Diagnosing manganese deficiency in wheat

Manganese deficiency in wheat is widespread but confined to small soil related patches that have declined as soils have acidified.

Severely deficient plants collapse and die
Leaves initially develop interveinal chlorosis
Middle leaves are affected first
Patches of pale floppy wheat in otherwise healthy crop

What to look for


  • Manganese deficiency often appears as patches of pale, floppy wheat in an otherwise green healthy crop.


  • Frequently plants are stunted and occur in distinct patches.
  • Initially, middle leaves are affected first, but it can be difficult to determine which leaves are most affected as symptoms rapidly spread to other leaves and the growing point.
  • Leaves develop interveinal chlorosis and/ or white necrotic flecks and blotches.
  • Leaves often kink, collapse and eventually die.
  • Tillering is reduced, with extensive leaf and tiller death. With extended deficiency, the plant may die.
  • Surviving plants produce fewer and smaller heads.

What else could it be

Condition Similarities Differences
Diagnosing zinc deficiency in wheat Pale plants with interveinal chlorosis and kinked leaves Differences include linear 'tramline' necrosis on zinc deficient plants. Manganese deficient plants are more yellow and wilted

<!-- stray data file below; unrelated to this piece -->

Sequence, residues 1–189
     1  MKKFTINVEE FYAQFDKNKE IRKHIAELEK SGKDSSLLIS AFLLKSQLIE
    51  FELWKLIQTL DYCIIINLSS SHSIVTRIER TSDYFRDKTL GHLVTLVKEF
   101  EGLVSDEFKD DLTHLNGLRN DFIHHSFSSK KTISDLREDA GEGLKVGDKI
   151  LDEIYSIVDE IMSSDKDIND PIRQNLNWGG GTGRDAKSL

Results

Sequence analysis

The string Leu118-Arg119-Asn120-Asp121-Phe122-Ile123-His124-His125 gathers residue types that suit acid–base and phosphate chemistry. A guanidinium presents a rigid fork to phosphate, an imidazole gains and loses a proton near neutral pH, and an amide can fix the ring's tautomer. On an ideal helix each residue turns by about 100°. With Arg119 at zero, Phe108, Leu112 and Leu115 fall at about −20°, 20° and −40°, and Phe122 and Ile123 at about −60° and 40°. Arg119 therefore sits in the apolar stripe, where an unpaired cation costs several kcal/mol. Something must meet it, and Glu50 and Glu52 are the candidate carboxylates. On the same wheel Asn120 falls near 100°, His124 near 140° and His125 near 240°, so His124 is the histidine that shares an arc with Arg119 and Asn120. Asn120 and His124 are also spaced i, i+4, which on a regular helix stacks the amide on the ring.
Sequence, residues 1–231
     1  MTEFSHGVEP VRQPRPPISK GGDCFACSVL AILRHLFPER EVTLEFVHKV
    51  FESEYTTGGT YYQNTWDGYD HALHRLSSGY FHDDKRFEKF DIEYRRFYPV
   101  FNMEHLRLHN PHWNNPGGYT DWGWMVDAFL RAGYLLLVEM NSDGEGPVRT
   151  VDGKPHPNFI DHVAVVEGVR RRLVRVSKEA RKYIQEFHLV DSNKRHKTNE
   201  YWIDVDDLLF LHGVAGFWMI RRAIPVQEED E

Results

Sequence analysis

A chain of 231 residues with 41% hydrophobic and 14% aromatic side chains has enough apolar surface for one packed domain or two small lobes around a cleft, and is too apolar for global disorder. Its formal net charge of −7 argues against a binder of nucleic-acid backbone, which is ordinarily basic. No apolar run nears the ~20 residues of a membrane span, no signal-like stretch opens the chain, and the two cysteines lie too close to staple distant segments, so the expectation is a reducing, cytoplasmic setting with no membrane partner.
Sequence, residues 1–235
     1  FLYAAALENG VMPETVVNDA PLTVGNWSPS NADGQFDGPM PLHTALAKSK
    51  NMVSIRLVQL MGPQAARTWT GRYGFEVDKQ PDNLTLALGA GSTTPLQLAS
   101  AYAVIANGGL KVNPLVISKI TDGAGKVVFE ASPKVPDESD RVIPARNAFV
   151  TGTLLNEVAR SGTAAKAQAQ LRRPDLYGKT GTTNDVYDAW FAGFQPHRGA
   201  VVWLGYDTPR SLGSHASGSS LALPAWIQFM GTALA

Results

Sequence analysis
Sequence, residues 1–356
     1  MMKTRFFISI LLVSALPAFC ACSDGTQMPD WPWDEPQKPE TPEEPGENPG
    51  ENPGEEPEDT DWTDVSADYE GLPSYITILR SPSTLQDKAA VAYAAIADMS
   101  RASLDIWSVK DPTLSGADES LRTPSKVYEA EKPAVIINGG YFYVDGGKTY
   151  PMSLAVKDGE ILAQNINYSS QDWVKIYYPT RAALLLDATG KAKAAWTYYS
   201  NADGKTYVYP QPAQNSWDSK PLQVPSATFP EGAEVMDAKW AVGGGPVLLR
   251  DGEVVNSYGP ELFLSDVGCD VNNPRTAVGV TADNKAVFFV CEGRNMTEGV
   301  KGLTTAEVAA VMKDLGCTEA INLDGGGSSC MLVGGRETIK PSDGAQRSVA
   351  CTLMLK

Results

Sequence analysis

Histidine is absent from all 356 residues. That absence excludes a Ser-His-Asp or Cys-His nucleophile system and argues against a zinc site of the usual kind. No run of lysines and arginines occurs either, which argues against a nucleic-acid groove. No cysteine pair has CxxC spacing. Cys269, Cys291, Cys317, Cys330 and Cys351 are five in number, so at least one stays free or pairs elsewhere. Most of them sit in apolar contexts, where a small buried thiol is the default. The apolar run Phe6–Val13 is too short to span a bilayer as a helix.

Diagnosing nitrogen deficiency in wheat Pale plants Nitrogen deficient plants do not show wilting, interveinal chlorosis, leaf kinking and death
Diagnosing waterlogging in cereals Pale plants Waterlogged plants do not show wilting, interveinal chlorosis, leaf kinking and death
Diagnosing iron deficiency in cereals Pale plants New leaves are affected first and plants do not die
Diagnosing sulphur deficiency in cereals Pale plants New leaves are affected first and plants do not die

Where does it occur?

Soil type
Soil type
Soil ph
Soil ph
Dry conditions
Dry conditions
  • Deficiency tends to occur on coastal alkaline soils and high phosphorus retention index (PRI), water repellent gravels associated with wandoo powderbark wandoo, brown and blue mallet and blue mallee vegetation.
  • This occurs in an area south of Moora to Katanning and east from Corrigin to Dumbleyung, and infrequently on the Esperance sandplain and mallee area north of Esperance.
  • Manganese deficiency is exacerbated by dry soil, high soil pH, alkaline fertilisers and root pruning herbicides (particularly groups A and B).

Management strategies

Spraying foliar
Spraying foliar
Soil application
Soil application
  • Foliar spray.
  • Acidifying ammonium nitrogen fertilisers can reduce manganese deficiency by lowering pH and making manganese more available to growing crops.
  • Manganese fertiliser is effective but expensive as high rates and several applications are required to generate residual value.
  • Seed manganese coating treatments have little effect in correcting the deficiency.

How can it be monitored?

Tissue test
Tissue test
  • A whole-top plant test of 17 milligrams per kilogram (mg/kg) gives a rough indication of deficiency.
  • Use youngest emerged blade test for accurate manganese levels,with levels less than 15 parts per million (ppm) an indicator of manganese deficiency.
  • Compare paired good/poor plant samples where possible.
  • There is no reliable soil test for manganese in cereals. As soil test manganese is generally poorly related to grain yield increase, a critical concentrations can't be determined.

Further information

Where to go for expert help

Craig Scanlan
+61 (0)8 9690 2174
DDLS Seed Testing and Certification
+61 (0)8 9368 3721
Page last updated: Thursday, 20 July 2017 - 1:37pm